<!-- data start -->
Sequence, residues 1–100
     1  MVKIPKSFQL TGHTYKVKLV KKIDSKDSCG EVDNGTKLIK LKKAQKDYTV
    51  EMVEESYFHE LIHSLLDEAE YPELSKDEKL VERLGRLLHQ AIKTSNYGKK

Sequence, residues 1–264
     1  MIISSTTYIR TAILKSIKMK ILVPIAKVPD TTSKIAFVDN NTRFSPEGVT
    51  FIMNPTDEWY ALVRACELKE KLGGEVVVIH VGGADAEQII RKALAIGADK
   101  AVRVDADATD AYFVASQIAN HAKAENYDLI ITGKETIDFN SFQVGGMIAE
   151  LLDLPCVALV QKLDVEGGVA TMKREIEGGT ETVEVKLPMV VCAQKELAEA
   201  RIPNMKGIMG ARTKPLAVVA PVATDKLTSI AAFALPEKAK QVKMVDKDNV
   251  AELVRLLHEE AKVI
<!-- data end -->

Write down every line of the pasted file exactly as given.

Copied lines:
Sequence, residues 1–100
     1  MVKIPKSFQL TGHTYKVKLV KKIDSKDSCG EVDNGTKLIK LKKAQKDYTV
    51  EMVEESYFHE LIHSLLDEAE YPELSKDEKL VERLGRLLHQ AIKTSNYGKK

Sequence, residues 1–264
     1  MIISSTTYIR TAILKSIKMK ILVPIAKVPD TTSKIAFVDN NTRFSPEGVT
    51  FIMNPTDEWY ALVRACELKE KLGGEVVVIH VGGADAEQII RKALAIGADK
   101  AVRVDADATD AYFVASQIAN HAKAENYDLI ITGKETIDFN SFQVGGMIAE
   151  LLDLPCVALV QKLDVEGGVA TMKREIEGGT ETVEVKLPMV VCAQKELAEA
   201  RIPNMKGIMG ARTKPLAVVA PVATDKLTSI AAFALPEKAK QVKMVDKDNV
   251  AELVRLLHEE AKVI